~ "He that is without sin among you, let him first cast a stone at her."
In what circumstances do we judge Russia on the merit of the actions in question and not on past history? Yes, we understand Georgia ignited this particular incident. But Russia is hardly innocent either. Russia's done all kinds of bad things. While we get to play by rules of right and wrong, when Russia enters the scene, there is always enough blame to go around to implicate them as guilty party. Because Russia is never innocent, Russia should never be meting out punishments for Georgia. Acknowledgement of and repercussion for actions committed against Russia is not an option we grant them.
~ "You shall not make for yourself an idol, whether in the form of anything that is in heaven above, or that is on the earth beneath, or that is in the water under the earth."
Putin is a bad person, an authoritarian who will kill or imprison anyone who gets in this way. He is a murderous thug. The fact that he is in fact rather popular among his own people is not seen as a sign that he has done anything right, anything beneficial. It's a symbol of his implicit creepiness. In whacked out Puritan American logic, Popularity=Idolatry=Anti-Christ. You saw the McCain ad. They apply the same symbolism to Obama. Of course, being crazy popular, esp. among teens, doesn't implicitly mean you are on the side of good. But it doesn't implicitly mean you are the devil, either. (See: Rock music.)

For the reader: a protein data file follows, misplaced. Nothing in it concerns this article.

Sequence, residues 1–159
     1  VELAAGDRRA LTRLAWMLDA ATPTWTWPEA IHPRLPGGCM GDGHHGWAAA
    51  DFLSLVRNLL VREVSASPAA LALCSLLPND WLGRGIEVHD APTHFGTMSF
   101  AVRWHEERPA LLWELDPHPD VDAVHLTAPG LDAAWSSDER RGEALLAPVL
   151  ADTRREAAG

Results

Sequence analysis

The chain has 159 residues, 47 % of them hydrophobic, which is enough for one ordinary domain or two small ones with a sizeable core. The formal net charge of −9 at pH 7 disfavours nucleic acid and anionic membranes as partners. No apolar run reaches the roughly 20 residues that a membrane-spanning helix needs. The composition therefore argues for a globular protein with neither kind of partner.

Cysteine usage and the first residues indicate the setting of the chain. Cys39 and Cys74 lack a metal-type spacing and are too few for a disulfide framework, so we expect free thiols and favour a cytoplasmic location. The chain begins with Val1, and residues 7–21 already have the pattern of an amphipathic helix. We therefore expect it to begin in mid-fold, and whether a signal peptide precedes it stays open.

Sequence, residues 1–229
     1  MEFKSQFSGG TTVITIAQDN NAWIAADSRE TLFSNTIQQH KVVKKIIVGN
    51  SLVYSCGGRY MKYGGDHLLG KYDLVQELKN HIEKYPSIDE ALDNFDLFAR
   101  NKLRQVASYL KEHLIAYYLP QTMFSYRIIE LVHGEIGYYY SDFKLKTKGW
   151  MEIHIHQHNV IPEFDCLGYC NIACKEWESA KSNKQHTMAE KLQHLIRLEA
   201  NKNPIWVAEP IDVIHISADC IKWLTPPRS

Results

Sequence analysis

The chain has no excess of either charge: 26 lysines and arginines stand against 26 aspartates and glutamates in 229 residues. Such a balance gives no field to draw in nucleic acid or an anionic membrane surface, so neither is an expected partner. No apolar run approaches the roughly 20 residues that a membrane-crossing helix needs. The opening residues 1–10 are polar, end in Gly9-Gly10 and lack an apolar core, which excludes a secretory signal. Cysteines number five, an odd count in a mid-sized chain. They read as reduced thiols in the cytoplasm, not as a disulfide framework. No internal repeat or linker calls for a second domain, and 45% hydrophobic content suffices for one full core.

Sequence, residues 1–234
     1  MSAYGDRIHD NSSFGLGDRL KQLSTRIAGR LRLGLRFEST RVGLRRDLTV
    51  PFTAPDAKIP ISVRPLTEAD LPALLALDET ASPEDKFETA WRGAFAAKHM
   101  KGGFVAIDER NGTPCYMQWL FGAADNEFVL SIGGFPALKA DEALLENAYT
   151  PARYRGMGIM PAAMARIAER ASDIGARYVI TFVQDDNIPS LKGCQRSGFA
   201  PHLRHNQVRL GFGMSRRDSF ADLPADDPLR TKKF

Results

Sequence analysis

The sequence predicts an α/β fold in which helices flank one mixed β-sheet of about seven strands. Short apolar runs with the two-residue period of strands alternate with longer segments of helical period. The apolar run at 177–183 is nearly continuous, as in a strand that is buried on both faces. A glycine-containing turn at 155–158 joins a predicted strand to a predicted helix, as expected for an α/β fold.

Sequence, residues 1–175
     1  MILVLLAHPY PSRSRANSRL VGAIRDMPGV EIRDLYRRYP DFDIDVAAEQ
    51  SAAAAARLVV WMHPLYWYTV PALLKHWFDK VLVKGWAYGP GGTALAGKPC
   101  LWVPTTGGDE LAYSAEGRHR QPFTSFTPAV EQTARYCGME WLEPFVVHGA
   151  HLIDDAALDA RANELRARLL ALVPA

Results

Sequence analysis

~ Manifest Destiny/City Upon a Hill.
America does not need to justify its actions. America is good. America is blessed by God. Therefore, whatever America does is good and blessed by God. Furthermore, anyone who interferes with our mission, must, by default, be bad and playing for Team Devil. What Russia did this week was not wrong because innocent lives were lost. It was wrong because Georgia is our ally. Georgia is on our team. If you're playing against them, you are playing against God. So you are bad. Period. Any 2 year old can understand that.
~ Invoking Communism/Soviet Union.
Nothing new here. Except, uhm, the little fact everyone seems to be overlooking, which is that Russia is neither Communist or Soviet. But they are authoritarian. But they are throwing their weight around. But they are curbing civil liberties. But they are sad about the end of the Soviet Union. Close enough. Oh, except for the other fact: they are not an atheist State anymore. Orthodoxy is making a comeback. Which we would have to acknowledge if we bothered to list off the ways in which Russia were and were not neo-Soviet. So, er, instead, let's skip that. We decide if you are godless. Real Christians love America. Heretics.
~ Witch hunts and Inquisitions.
Confirmation bias reaches a fever pitch. We decide up front Russia are heathens hell bent on destroying us. Witches. Then we wait for them to do do something witchy. Soviet-y. When they go about their business behaving relatively non-witchy/Soviety-like, we test their patience until they break. The litmus test of training and arming a small neighbor and getting the small neighbor to fire at them to prove Russia is dangerous is just the type of rationale the inquisitors of days past would have appreciated. Then when they lash out, Oh! Look! See? Told ya! Witches! Soviets! The Russians are coming! The Russians are coming! Well, I guess we needed those missile shields and NATO encirclement after all. Nothing like inciting a bit of hysteria to justify your need to lay down the law and incriminate those who are unhelpful. Nothing like a bit of religious semantics to incite hysteria.